Intro: How to Make a Headless Marie Antoinette Halloween Costume
Step 1: Find Your Materials
1) Hanging Body Mannequin I found my hanging body form on Craigslist. You can also buy them at any retail display stores. I also considered just offering to buy one at store that had them.
2) A Long Dress or something to look like a dress. I converted a sheer curtain I found at the Buy The Pound outlet of Goodwill ($1.99 per lb-this is before it's sorted, tagged and shipped to the stores). Tip: I got tons of sheets there to cover up my furniture to recreate the look of an abandoned house for my party. Much cheaper than getting them individually at the Goodwill store. Each curtain was approximately $5 at the stores but I got around 9 sheets and 3 curtains for about $25.
3) Backpack Buy one specifically for this project as it will be cut up. I forgot to get one on my Buy The Pound trip so I picked one up at Value Village for $2.99
4) Long Gloves The ones that go up over the elbow, the longer the better so you don't need to make sleeves. I got mine at Value Village as well for $2.99. These were new in the package. I saw them elsewhere for $10-20.
5) Acrylic Paint and Paint Brush fromthe Dollar Store. I bought silver and the darkest blue I could find.
6) Silicone Found the cheapest one at Walmart
7) Nail Polish Red colored like blood from the Dollar Store
8) Packing Tape
10) Glue Gun
Step 2: Mock Up
Put the dress on the mannequin or in my case I wrapped the curtain around in order to get an idea on what I wanted it to look like and figure out how I was going to make it work. I wrapped a scarf around the waist of the form and pulled out the back and sides of the fabric to create a dress like silhouette and to shorten it.
Step 3: Create the Holder
Tape the back pack to the form and wrap the tape up in a criss cross pattern to secure tightly. Remove the hanger portion from the back of the neck. Reserve the screw(s).
Step 4: Make the Dress
Or put the dress on if you have one. My friend Nicole totally helped me with the dress portion. We cut the curtain in half after measuring the lengths we wanted for the front and back panel. We used a glue gun to glue a piece of white fabric to the inside edge of the back as it is all hollow. This piece helped to cover up the back pack since the fabric was sheer. I decided to use the curtain since the pleats created an automatic neck line and the extra fabric from the length helped disguise the fact that it wasn't sewn shut on the sides. I poked a hole at the back of the fabric and put the screw back in just to give it extra stability (Pic 2). I held the pieces together while Nicole sewed stitches in the pleats to keep it together.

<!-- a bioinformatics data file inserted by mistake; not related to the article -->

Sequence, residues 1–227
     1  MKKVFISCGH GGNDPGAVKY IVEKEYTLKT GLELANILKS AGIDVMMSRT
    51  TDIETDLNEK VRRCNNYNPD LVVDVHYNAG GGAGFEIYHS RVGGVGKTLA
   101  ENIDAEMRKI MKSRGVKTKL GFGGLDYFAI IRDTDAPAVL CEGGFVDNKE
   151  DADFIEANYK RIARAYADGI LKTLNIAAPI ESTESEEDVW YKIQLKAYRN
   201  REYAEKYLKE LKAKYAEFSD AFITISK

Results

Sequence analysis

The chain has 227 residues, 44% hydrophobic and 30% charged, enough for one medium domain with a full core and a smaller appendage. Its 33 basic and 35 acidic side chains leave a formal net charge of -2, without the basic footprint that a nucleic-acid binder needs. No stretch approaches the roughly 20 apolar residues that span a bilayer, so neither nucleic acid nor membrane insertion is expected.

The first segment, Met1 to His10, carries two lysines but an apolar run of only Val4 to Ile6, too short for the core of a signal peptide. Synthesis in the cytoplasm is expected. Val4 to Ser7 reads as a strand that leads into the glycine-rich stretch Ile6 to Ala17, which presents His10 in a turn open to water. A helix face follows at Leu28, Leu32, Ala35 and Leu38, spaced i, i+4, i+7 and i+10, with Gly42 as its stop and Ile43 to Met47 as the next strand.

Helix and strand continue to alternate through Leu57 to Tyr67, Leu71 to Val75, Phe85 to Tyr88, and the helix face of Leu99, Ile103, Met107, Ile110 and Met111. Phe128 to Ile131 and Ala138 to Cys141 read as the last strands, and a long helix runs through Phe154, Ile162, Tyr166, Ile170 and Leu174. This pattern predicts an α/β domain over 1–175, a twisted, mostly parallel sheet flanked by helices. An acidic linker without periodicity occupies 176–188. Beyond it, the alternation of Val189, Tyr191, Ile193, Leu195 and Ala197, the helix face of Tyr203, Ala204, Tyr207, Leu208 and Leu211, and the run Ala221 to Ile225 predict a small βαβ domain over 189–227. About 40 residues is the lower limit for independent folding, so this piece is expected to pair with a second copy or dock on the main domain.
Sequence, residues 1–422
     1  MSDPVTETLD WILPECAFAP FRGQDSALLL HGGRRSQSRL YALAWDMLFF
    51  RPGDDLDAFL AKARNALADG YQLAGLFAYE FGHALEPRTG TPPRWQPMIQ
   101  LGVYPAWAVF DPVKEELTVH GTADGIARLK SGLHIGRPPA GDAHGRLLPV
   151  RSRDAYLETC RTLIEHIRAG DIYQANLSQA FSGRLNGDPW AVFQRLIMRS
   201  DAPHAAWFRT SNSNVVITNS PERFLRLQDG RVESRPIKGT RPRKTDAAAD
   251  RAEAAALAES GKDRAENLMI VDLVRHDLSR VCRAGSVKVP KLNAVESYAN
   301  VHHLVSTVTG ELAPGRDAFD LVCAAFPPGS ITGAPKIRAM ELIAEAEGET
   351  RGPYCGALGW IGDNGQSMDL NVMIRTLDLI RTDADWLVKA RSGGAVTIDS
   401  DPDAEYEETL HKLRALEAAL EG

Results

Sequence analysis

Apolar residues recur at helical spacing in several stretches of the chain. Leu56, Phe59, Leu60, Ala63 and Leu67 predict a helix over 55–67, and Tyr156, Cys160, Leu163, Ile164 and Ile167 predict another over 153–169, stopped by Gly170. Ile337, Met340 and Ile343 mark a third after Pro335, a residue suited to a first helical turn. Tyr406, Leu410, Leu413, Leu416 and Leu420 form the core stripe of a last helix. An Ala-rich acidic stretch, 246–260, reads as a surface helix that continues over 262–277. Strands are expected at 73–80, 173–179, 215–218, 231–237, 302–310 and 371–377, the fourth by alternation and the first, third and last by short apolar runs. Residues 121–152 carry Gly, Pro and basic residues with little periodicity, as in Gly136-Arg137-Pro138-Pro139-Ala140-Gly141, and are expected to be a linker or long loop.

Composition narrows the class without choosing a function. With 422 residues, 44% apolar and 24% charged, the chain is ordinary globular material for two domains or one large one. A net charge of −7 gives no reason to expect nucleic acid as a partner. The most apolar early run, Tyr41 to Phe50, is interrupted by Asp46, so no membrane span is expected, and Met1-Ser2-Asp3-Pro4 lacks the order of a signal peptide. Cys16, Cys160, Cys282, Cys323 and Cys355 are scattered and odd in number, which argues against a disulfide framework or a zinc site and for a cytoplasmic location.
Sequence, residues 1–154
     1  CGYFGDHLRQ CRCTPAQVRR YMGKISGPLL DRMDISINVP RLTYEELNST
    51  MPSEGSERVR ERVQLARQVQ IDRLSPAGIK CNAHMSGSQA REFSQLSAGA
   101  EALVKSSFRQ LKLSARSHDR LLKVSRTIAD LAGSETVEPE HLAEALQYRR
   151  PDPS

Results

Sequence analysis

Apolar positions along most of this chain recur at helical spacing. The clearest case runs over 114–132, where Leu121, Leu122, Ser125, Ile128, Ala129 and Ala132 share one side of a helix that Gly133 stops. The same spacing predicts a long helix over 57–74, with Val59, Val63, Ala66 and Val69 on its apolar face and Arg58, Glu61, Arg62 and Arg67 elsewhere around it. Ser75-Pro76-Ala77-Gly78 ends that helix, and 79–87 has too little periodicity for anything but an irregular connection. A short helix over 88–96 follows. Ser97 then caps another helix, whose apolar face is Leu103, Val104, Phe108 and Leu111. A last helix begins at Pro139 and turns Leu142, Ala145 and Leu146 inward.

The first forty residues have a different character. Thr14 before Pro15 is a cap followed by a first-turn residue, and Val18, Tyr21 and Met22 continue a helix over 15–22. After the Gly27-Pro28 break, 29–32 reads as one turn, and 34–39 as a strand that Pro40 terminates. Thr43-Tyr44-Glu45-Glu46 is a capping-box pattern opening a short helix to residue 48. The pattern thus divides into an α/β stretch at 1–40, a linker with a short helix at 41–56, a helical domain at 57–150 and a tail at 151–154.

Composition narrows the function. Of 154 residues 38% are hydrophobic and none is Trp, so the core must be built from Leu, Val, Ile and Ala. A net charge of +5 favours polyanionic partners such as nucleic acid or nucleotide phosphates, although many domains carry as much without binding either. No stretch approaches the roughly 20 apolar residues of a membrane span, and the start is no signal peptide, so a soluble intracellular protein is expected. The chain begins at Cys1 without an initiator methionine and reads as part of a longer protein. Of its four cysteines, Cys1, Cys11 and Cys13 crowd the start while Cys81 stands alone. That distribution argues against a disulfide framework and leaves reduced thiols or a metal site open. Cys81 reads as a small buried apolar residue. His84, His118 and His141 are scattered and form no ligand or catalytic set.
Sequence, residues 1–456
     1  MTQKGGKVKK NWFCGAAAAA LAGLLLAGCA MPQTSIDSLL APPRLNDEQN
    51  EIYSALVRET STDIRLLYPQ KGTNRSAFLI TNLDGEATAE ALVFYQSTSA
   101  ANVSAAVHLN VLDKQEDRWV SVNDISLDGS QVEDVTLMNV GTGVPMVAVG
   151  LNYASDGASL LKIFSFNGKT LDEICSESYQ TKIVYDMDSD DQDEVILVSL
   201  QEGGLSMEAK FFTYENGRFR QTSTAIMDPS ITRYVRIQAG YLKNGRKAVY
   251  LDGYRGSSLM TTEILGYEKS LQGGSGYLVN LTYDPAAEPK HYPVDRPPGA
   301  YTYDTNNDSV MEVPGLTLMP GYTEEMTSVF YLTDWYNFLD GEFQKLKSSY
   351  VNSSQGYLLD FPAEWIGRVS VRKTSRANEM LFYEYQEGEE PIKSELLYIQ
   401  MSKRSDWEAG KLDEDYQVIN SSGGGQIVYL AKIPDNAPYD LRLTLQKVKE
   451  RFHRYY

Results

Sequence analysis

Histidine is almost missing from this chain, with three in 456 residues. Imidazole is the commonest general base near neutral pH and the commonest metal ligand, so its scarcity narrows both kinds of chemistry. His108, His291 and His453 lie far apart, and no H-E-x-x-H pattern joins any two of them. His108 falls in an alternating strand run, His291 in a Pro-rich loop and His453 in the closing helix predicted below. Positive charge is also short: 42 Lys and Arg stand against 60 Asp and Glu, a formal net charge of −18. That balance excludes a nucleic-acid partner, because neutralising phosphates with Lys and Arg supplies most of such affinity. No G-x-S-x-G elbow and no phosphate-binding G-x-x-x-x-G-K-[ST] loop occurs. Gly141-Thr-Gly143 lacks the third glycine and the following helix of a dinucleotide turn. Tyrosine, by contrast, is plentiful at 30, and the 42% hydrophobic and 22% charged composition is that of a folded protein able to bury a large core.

Put on the back pack on with the fabric over your head to mark off where you need to cut a hole for your severed head. You'll want to leave some fabric to bunch a bit behind your neck and shoulders. I ended up using another lacy curtain to add onto the dress. It made the dress look a little more authentic and helped tie in the gloves as they were white and the curtain was a cream color. By strategically layering the fabric, it looked like the lace part was an underskirt with the sheer fabric as the outer layer. It was common to dresses in that era. We cut a band off the lacy curtain to use as the belt or sash that ties around the waist of the form and that's what holds the fabric in the right places to make the curtain look like a dress. The rest of the lacy fabric was sewn onto the edge of the hole where my head would be. After tying the belt, pull the fabric out from the top of the belt on the sides to create sleeves.
With the costume on, position the gloves inside the sleeves with enough length for it to look like they are holding the head. The fingers should be comfortably snug under your chin. Stuff the arms with stuffing and position inside the sleeves and sew on. Intertwine the fingers and add a few stitches to keep together.
Step 5: Start the Finishing
When the paint and silicone were dry I used the nail polish to create the blood. I never realized how much nail polish reeks until I had emptied 2 full bottles out. Make sure you are in a well ventilated area. Do it outside if you can. To my amazement the nail polish started to eat away at the Styrofoam where it had dripped on and the effect was awesome! I had one bottle of matte red and one that was slightly shimmery which worked out really well. At the time I couldn't decide which one looked the most realistic so I bought both. I dripped the nail polish down the neck and dress. The thicker consistency created a great drip pattern. The 3D silicon texture makes it even more realistic.